EPHA has submitted its response to the EC consultation on the Green Paper on the modernisation of EU public procurement policy - Towards a more efficient European procurement market. EPHA’s response argues that public procurement rules must be more flexible where public health and social objectives are concerned so that they can be considered at all successive stages of the process.
The Green Paper argues that public procurement is facing important new challenges: high public deficits and the resulting need for the most efficient use of public money, but also the growing demand that procurement contributes to the achievement of overall societal goals, amongst them social objectives to include vulnerable groups and decrease inequalities. The public stakeholder consultation was solliciting input from organisations and individuals as to how exactly this can be done.
In this context, EPHA’s letter reinforces the more detailed response submitted by our partner the Social Platform (of which EPHA is a member), which addresses a number of more technical consultation questions in more detail.
Among other points, the EPHA response argues that:
1. Procurement rules need to be unambiguous and flexible so that public health and social objectives matter during all successive stages of the procurement process. If they are only taken into account at a more advanced phase in the process, valuable expertise and knowledge from relevant service providers and users may already have been excluded.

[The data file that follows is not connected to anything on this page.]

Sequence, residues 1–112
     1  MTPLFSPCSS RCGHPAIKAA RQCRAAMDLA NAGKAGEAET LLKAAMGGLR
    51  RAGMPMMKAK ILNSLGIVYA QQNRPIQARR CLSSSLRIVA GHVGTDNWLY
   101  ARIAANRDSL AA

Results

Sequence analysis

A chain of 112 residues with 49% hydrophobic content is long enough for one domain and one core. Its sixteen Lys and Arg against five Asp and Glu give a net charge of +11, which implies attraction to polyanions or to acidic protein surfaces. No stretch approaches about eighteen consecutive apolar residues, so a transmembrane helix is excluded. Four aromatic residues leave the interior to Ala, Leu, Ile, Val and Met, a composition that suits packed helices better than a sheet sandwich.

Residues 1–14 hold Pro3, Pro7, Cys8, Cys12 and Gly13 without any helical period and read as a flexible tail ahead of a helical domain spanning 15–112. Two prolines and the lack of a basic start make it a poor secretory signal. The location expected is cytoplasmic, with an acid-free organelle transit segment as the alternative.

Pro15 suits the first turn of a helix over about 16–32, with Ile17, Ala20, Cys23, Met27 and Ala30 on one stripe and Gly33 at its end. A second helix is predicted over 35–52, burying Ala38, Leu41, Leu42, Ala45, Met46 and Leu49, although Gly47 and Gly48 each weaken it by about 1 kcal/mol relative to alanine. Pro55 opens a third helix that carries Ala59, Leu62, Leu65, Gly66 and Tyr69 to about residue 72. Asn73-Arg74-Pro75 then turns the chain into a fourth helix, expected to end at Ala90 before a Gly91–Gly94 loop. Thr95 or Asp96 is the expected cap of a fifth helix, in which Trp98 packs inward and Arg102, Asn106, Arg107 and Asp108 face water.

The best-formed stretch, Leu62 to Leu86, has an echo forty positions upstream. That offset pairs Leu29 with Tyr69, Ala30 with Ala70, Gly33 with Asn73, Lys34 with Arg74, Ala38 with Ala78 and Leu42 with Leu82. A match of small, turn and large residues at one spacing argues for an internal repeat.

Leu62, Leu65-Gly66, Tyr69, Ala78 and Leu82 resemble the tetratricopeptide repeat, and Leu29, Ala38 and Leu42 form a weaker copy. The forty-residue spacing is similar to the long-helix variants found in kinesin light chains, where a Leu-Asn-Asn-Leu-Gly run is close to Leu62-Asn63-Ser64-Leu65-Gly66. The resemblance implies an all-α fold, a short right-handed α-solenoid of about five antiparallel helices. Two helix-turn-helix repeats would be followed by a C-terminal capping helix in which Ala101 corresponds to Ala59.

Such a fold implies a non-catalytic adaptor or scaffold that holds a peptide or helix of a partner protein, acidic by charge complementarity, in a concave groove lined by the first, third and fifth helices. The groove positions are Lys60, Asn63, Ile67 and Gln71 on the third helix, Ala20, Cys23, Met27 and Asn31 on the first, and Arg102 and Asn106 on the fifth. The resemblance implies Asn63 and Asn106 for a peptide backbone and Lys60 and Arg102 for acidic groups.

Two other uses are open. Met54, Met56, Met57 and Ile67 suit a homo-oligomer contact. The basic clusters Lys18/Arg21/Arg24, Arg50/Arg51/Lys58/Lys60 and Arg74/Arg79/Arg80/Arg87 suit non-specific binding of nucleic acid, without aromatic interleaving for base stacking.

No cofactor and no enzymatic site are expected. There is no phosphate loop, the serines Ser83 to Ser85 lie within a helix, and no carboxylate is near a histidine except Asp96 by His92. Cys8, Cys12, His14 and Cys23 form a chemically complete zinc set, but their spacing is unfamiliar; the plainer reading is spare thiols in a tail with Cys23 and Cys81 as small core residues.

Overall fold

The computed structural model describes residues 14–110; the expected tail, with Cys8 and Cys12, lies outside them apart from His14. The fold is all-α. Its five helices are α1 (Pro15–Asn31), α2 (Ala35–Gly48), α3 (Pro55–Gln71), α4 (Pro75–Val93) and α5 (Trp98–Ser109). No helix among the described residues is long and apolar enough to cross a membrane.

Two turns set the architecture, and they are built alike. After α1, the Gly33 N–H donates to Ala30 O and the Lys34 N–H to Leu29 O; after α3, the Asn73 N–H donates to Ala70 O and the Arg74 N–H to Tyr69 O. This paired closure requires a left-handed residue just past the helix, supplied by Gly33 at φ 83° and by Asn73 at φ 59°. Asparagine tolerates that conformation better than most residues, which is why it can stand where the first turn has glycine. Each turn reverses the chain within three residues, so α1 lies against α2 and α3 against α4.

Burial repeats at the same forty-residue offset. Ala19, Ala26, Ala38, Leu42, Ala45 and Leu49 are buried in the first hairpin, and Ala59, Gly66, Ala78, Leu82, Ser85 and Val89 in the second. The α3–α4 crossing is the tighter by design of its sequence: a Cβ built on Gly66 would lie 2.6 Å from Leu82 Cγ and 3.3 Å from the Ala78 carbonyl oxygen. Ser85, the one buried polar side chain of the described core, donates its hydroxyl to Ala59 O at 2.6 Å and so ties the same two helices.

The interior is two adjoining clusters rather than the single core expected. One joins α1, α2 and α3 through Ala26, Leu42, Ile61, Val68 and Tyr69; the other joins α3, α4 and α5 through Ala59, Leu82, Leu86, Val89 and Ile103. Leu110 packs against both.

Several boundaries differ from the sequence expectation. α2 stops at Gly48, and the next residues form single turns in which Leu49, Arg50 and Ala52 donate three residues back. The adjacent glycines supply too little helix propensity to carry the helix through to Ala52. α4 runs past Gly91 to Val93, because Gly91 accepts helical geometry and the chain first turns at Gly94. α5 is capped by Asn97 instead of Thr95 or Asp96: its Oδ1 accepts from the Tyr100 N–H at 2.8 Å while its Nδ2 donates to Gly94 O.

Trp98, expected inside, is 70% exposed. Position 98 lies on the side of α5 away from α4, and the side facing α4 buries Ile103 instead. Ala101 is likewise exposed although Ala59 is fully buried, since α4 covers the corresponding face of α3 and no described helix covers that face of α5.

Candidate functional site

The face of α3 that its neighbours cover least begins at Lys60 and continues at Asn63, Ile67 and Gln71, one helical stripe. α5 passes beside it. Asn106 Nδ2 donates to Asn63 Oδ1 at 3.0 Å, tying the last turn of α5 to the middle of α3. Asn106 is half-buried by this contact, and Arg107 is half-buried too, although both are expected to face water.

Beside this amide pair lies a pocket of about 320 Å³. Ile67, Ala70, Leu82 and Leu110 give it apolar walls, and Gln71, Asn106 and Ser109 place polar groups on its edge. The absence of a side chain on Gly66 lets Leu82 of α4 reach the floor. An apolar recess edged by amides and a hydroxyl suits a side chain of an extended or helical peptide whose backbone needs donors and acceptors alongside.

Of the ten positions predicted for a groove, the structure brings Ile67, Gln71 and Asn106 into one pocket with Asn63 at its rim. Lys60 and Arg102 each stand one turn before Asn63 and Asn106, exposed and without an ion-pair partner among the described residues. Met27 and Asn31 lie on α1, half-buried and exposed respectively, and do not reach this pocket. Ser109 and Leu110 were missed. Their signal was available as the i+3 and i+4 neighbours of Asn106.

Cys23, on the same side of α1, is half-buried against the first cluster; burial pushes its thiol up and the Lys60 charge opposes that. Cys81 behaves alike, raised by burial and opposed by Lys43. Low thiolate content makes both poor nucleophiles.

2. Mandatory assessments of community needs and specialist third sector service providers should be carried out before a tender process is undertaken: the goods, services and works involved in the health and social field are not for consumption but to support citizens in leading healthy lives and enjoying meaningful participation in society.
3. Increased opportunities must be created for the third sector to participate in procurement processes. NGOs are well positioned as service providers given their knowledge of vulnerable groups and client proximity, but current rules can challenge their capacity.
4. Restricting public procurement to local or regional suppliers makes sense in cases where social objectives can be attained or where procurement rules contravene public health objectives.
5. Responsible purchasing decisions must be taken at local, regional and national level to ensure the quality and continuity of health and social services.
6. Far greater scrutiny and accountability must be exercised where subcontracting is concerned.
7. Accessibility criteria for people with disabilities must be respected given that current procurement rules leave scope for circumventing ergonomic characteristics.
8. The alternatives to public procurement must be better promoted to support public authorities’ ability to make investments that will lead to long-term health and social improvements and that will reduce costs to health and social systems over time.
European Consultation on the revision of the public procurement Directive
Report on Social Platform Working Group on Services of General Interest in the EU
A new guide to green procurement in Europe